Managing emotions and stress

You might notice your teenager is having more emotional ups and downs, unpredictable moods or strong feelings. Their brain is still figuring out how to manage and express emotions in a more controlled way, and part of this involves learning how to recognise and understand what they’re feeling.

You can help your young person by:

  • asking about their feelings – “You look worried. Is there something on your mind?” or, “It sounds like you’re really angry. Would you like to talk about that?”
  • listening to your teenager when they talk about their emotions. This helps them to identify and understand what they’re feeling and to manage their emotions effectively.
  • not dismissing or trivialising your teenager’s emotional responses. This may be interpreted as “my feelings are unimportant”.
  • avoiding responding in a way that could lead them to believe that their emotions are wrong and that they are bad for having them, e.g. “Why are you crying like a baby?” or “You’re such a wuss!”
  • validating their feelings, especially if they’re upset or struggling with what’s going on – for example, when a pet dies, when they’re having issues with friends, or when they fail an exam.

Dealing with stress  

Stress is part of life, and a bit of stress can be a good thing – it helps us work harder and faster in spurts, meaning we can perform at our best when we need to. But learning how to deal with stress – managing it so it doesn’t manage you – is an important skill.

And because ongoing stress is a risk factor for mental health conditions, it’s important to sort out stressful issues as early as possible.

You can help by using effective strategies for managing stress as an example for your teenager, as well as modelling how to cope well with stressful situations and setbacks.  

Pay attention to your teenager’s behaviour for indications that they may be experiencing or not coping well with stress, and talk about what you can do to help. If stress is becoming a problem or they’re getting overwhelmed on a regular basis, suggest they get some extra support from a mental health professional.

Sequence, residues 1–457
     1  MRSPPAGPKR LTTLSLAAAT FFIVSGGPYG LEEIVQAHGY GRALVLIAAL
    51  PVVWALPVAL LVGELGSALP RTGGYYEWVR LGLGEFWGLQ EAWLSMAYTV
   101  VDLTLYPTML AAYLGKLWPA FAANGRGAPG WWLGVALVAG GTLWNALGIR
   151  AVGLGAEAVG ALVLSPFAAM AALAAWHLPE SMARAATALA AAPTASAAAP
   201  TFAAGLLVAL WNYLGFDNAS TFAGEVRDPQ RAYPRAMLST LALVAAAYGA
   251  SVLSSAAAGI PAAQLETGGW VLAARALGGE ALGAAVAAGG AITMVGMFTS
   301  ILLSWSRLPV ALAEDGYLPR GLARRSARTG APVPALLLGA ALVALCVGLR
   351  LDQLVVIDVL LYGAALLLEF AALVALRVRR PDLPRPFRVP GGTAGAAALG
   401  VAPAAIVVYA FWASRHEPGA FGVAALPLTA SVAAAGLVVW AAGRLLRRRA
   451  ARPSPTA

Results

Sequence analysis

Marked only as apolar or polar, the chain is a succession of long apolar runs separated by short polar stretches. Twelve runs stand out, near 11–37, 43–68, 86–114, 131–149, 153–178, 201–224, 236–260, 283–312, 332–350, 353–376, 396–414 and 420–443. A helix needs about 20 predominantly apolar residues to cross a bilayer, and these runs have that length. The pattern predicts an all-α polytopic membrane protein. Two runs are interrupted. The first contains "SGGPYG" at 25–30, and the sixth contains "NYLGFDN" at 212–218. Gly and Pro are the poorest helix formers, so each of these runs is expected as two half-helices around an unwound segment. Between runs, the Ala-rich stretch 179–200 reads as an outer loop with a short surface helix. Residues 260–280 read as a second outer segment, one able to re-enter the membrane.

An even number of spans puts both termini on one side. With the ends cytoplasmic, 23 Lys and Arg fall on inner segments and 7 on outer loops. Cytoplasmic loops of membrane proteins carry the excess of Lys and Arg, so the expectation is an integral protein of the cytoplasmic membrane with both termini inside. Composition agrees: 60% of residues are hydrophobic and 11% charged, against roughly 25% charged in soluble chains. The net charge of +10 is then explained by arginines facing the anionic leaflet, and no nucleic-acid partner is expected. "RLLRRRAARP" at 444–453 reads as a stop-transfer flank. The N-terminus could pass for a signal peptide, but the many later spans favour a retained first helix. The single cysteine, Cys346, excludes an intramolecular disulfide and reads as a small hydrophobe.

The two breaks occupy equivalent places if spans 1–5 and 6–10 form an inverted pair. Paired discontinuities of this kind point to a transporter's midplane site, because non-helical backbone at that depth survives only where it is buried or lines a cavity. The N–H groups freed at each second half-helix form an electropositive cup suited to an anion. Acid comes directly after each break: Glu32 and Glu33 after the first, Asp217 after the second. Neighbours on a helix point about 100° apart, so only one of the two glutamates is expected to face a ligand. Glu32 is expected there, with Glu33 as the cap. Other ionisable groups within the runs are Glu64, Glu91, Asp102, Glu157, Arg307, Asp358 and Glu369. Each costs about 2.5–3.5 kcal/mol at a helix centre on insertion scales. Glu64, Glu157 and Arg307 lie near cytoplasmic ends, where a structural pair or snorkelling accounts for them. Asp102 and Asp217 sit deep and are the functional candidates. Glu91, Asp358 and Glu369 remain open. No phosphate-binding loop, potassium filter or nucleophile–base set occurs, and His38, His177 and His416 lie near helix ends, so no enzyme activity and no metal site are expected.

Practical tips
  • Encourage your young person to talk about problems when they happen so they can be sorted out earlier.
  • Help them find ways to relax that work for them – listening to music, going for a run or doing something creative.
  • Some young people also benefit from meditation or guided relaxation. Smiling Mind has a free App including short guided meditations
  • Suggest they plan their week, figure out their deadlines and how they’re going to get their study/work done.
  • Suggest that your young person leaves big decisions until they’re feeling a bit better and able to approach the situation more objectively.

Dealing with pressure and expectations 

Many young people feel the weight of expectation – from parents, teachers, friends, school, and what they expect from themselves and their lives. And while we all want our teenagers to reach their potential, try to match your expectations to their individual personality, interests and capabilities.

Where there’s an ‘expectation gap’ between what you think your teenager should be achieving or aiming for and the reality, it’s important to recognise the effect this pressure can have on your young person.

Remember that the most important thing is that they are healthy and happy in whatever they choose to do.

The media – and increasingly, social media – can also be a source of pressure and expectations. Talk about the messages and images your young person receives through the media or their social feeds which can shape their values, perceptions and expectations about life.  

Exam stress

It’s important to remind young people that exam results are only one measure of success, and there are many avenues to getting where you want to go in life.

Check out Reach Out’s tips for exam stress and teenagers, aimed at helping parents support young people through what can be a challenging time.

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